# Convert Kg to Lbs (Kilos to Pounds and Ounces)

Welcome to the internet's favourite converter site. Here you can convert kg to lbs and oz (kilos to pounds and ounces) with ease and accuracy. Convert kg to lbs now by using the form below. Alternatively, if you want to convert stones to kilos, click here or convert kilos to stones, click here.

#### Enter Kilos and Grams here

 lbs = kg * 2.20462

### kg -> lbs

lbs =
 kg * 2.20462
lbs =
 lb =
 oz =
 oz =
 kg =

### kg -> g

 g = ( kg * 1000 ) + g
 g = ( * 1000 ) +
 g = +
 g =

### g -> st

st =
 g 6350.293
st =
 6350.293
 st =
 lb =
 lb =
 oz =
 oz =
 kg =

### Stones Information

• st
• Weight
##### Worldwide use:
• The stone is also used in horse racing to describe the weight that a horse has to carry (not necessarily just the jockey, this weight can also include penalties and suchlike).
• The stone is still habitually used to express human bodyweight in some sports in the UK and Ireland, such as boxing and wrestling.
• A British or Irish person will commonly express their weight in stone and pounds (eg. 12 st 6 lbs) instead of purely in pounds as would be the case in the United States (174 lbs).
• The stone is now used almost exclusively in the UK and Ireland, as a popular - if informal - way of expressing a person's weight. The stone has not been officially recognised as a unit of weight in the UK since 1985.
##### Description:

The stone is a unit of weight in the imperial system used informally in the UK and Ireland, almost exclusively as a measure of body weight. Although sanctioned by the EU for use as a supplementary unit it is essentially obsolete outside the UK and Ireland.

##### Definition:

A stone is a unit of weight equal to 14 pounds averdupois (or international lbs). By turn, this makes a stone equivalent to 6.35029kg.

##### Origin:

The name 'stone' derives from the practice of using stones as weights, a common practice worldwide for two millennia or more.

The actual unit of the stone was commonly used as a measure of weight for trade purposes across Europe until the 19th century when most countries adopted the metric system, however, the actual weight of the stone varied from country to country, region to region, and even depending on what was being weighed or traded.

In 1389 in England a stone of wool was defined as weighing fourteen pounds, and although a stone of other materials could weigh significantly more or less (in pounds), the stone in general usage became accepted as weighing equal to 14 lbs.

##### Common references:
• A 5ft 8in (173cm) tall woman of average build would be expected to weigh between eight and twelve stone.
• A 6ft 0in (183cm) tall man of average build would normally weigh between ten and thirteen stone.
##### Multiples:
• 2 stone = 1 quarter
• 8 stone = 1 hundredweight
• 160 stone = 1 long ton

### Kilograms Information

##### Abbreviation/Symbol:
• kg
• kilo (informal)
##### Unit of:
• Mass
• Weight (in non-scientific affairs)
• Global
##### Description:

The kilogram is the base unit of mass in the International (SI) System of Units, and is accepted on a day-to-day basis as a unit of weight (the gravitational force acting on any given object).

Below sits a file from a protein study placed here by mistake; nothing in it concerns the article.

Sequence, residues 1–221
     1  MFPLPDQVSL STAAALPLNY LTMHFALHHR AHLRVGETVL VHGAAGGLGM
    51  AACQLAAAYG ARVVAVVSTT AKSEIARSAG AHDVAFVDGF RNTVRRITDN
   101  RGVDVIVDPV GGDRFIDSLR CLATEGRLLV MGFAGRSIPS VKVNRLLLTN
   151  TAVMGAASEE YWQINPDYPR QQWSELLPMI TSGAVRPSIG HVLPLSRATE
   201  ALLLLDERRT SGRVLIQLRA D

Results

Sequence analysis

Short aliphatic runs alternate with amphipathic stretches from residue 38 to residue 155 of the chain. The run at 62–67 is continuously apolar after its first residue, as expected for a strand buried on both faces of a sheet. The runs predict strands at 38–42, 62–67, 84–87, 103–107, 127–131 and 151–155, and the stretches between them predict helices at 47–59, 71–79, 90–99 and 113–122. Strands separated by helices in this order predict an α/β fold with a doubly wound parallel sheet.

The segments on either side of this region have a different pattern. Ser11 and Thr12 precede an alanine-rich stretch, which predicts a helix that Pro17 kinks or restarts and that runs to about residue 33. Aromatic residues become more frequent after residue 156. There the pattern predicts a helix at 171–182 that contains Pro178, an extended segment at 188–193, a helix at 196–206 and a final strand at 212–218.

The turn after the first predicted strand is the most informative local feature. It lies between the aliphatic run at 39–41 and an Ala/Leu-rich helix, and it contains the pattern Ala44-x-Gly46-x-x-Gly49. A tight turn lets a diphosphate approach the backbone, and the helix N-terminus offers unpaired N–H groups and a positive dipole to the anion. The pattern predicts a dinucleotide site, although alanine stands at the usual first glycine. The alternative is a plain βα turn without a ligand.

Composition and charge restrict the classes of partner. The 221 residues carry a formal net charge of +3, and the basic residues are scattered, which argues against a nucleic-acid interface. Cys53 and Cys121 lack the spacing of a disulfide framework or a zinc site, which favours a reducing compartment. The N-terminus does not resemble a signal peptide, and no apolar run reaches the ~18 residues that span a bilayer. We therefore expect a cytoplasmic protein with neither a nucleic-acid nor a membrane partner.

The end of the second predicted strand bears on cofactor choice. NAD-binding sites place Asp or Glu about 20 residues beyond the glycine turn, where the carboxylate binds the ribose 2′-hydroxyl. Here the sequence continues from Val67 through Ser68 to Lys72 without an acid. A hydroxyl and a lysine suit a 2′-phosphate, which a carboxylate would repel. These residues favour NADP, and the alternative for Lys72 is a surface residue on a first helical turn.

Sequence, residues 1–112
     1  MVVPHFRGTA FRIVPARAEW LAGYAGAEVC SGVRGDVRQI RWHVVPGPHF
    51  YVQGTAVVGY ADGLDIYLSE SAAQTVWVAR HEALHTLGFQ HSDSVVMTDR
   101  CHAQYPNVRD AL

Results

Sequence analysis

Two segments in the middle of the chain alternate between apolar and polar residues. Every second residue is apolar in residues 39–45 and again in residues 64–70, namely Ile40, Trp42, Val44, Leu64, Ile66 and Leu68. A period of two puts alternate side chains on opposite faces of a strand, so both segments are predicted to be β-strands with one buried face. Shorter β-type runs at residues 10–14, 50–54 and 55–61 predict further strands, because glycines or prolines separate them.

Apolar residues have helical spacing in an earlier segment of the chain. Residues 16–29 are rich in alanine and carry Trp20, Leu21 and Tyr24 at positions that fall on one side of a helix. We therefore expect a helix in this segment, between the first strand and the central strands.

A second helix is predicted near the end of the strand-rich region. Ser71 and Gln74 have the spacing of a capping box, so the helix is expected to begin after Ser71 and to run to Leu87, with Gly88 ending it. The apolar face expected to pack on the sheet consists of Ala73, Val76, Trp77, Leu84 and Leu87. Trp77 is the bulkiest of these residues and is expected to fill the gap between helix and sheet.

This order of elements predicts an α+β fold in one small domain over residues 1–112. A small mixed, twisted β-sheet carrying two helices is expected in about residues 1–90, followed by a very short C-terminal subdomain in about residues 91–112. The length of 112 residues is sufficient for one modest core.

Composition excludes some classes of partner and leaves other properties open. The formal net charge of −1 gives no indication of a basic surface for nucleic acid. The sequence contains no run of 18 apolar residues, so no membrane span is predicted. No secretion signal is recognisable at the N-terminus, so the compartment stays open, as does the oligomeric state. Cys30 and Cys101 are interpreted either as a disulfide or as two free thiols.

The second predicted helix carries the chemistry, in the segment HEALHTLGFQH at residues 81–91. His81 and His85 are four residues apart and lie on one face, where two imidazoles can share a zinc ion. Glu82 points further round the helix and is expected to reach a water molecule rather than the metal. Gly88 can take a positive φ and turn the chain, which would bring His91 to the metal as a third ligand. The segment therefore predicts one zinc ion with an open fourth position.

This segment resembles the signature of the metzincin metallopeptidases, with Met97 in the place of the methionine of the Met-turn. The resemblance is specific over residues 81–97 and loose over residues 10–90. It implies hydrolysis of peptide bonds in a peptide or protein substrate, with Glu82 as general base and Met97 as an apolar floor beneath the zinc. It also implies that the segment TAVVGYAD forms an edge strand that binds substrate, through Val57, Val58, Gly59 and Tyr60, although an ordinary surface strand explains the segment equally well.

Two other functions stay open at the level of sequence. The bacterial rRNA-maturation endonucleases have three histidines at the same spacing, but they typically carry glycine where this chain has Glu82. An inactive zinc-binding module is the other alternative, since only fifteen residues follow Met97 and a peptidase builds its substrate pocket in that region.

The kilogram is almost exactly equal to the mass of one litre of water.

##### Definition:

The kg is defined as being equal to the mass of the International Prototype of the Kilogram (IPK), a block of platinum-iridium alloy manufactured in 1889 and stored at the International Bureau of Weights and Measures in Sèvres, France.

It is the only SI unit that is defined by a physical object rather than a fundamental physical property that can be reproduced in laboratories.

##### Origin:

For a short period the grave (also a metallic reference standard) was used to define one thousand grams, until it was replaced by the kilogram in 1799.

In 1795 metric measurement systems were introduced in France and the gram was defined as "the absolute weight of a volume of pure water equal to a cube of one hundredth of a metre, and at the temperature of the melting ice".

The kilogramme (derived from the Greek chilioi [thousand] and gramma [a small weight] was named as a more practical measure of mass for larger quantities in trade, and came to be used as the base unit of mass in all metric measurement systems.

The International (SI) System of Units published in 1960 used the kilogramme as the base unit of mass, and has been adopted by almost every country on earth (with a few notable the exceptions such as the United States).

##### Common references:
• A kilogram is the approximate weight of a one litre bottle of soft drink.
• Sugar is commonly sold in 1kg measures.
• A typical basketball weighs approximately 1kg.
##### Usage context:

The kilogram is used globally on a day-to-day basis as a unit of measurement for mass and weight.

It is also the bass unit of mass for all m.k.s. measurement systems, where the metre, the kilogram and the second are used in relation to one another in order to define other concepts, such as the newton for force and the pascal as a measurement of pressure.

##### Component units:
• 1kg = 1000g (grams or grammes)
##### Multiples:
• 1000kg = 1 metric tonne (US: metric ton)
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